Dog Bite FAQ

  1. Why do dogs attack people?
    Dog attacks can often be prevented when owners provide their dogs with proper care and attention. Dog attacks happen because dog owners often fail to:

    • keep their dogs secured or fenced.
    • post warnings of aggressive dogs on their property.
    • provide medical care when dogs are sick or injured.
    • supervise their dogs.
    • train or socialize their dogs.
  2. What should I do if I was bitten by a dog?
    Dog bite victims can file claims against dog owners for medical bills, lost wages, and pain and suffering. If you were bitten by a dog, taking the following steps can help protect your legal rights to compensation:

    • Seek medical attention as soon as possible.
      Dog bites can cause infection if not treated properly and may lead to tissue and nerve damage that isn’t apparent at the time of the incident.

    • Gather information about your incident.
      Get the dog owner’s contact information if you can, including his or her name, phone number, address, and insurance info. You should also file a report of the attack with your local animal control center.

    • Get legal representation.
      At Jason Stone Injury Lawyers, our Boston dog bite lawyers are here to fight for the money you’re owed. Contact us today—just dial (800) 577-5188 or complete a free initial consultation form.

  3. Who can I sue for my dog bite injuries?
    Massachusetts is a strict liability state, meaning the law holds dog owners responsible when their dogs attack people. Proving your case may involve several factors, including whether the dog was:

    • leashed or restrained during the attack.
    • trained for defense or attack purposes.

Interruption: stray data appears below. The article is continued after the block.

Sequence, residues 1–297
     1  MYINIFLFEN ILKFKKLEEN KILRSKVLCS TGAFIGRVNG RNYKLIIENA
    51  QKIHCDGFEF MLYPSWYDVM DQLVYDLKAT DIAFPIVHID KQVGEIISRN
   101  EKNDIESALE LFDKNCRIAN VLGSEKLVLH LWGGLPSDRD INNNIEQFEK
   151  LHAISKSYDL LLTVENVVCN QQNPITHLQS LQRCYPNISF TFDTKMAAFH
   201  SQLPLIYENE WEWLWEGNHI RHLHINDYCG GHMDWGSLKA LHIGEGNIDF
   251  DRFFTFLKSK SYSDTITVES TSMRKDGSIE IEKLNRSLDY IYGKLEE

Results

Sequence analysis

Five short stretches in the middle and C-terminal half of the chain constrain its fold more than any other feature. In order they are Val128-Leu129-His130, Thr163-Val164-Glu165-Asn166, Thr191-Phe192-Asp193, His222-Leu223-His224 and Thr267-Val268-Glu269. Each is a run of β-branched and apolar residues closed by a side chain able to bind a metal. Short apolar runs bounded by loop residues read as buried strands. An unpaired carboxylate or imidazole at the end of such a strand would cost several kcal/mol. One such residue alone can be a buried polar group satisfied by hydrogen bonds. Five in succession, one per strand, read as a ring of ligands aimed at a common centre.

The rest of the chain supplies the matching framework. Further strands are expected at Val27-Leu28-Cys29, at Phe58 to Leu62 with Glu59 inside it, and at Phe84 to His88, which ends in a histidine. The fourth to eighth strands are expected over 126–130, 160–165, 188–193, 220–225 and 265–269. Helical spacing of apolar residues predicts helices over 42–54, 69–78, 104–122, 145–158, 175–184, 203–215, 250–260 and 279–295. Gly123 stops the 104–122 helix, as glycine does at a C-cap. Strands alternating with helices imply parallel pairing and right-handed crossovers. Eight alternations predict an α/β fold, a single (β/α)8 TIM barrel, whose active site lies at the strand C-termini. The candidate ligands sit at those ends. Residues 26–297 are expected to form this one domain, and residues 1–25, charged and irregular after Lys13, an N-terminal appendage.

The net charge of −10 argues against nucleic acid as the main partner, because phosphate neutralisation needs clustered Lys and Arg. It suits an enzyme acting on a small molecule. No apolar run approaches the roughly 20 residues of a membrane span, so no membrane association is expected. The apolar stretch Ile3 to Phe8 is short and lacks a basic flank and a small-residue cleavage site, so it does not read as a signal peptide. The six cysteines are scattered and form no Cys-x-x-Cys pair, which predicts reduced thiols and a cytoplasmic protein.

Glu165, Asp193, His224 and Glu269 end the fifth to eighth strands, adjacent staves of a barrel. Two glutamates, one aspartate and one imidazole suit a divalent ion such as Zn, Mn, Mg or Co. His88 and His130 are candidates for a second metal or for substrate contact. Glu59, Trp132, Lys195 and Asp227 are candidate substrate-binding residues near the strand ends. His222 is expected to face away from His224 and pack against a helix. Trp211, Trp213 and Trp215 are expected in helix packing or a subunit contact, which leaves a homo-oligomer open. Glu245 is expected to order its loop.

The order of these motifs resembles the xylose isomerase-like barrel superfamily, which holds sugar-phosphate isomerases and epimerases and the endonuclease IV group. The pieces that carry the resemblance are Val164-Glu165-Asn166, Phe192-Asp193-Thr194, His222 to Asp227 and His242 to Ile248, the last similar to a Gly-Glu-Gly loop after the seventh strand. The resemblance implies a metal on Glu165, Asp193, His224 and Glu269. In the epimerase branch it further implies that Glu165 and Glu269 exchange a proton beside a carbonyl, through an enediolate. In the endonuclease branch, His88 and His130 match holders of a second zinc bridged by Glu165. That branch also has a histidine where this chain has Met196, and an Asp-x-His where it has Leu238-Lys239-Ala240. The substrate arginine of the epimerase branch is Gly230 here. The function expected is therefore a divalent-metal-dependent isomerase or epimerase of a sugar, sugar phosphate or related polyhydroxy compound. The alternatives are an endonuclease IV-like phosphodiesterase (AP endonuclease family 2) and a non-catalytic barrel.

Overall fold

• demonstrating aggressive behavior before the attack.

    Our Boston dog bite lawyers can help you gather the evidence needed to build a strong claim, so you can get the full amount of compensation you need for your injury-related expenses.

  4. How long do I have to file a dog bite claim?
    The time limit—or statute of limitations—for filing a dog bite claim is three years from the date the attack occurred. But preparing a strong claim can take time, and evidence that can help your case may be more difficult to gather the longer you wait to get legal help. Give Jason Stone Injury Lawyers a call today, and let us help protect your legal rights.

  5. What if I was petting the dog before it attacked?
    The law holds dog owners accountable for dog bite victims’ injury-related expenses and pain and suffering unless victims were trespassing on an owner’s property, or teasing, tormenting, or abusing the dog before it attacked. Under the law, children are presumed not to have initiated attacks unless dog owners can prove otherwise.

  6. Another dog attacked my dog. Who is responsible for the vet bills?
    While certain exceptions exist, Massachusetts dog owners are responsible for bodily or property damage caused by their dogs, including injuries to your dog. If you’ve suffered economic damages due to a dog attack, contact Jason Stone Injury Lawyers. We’re here to help.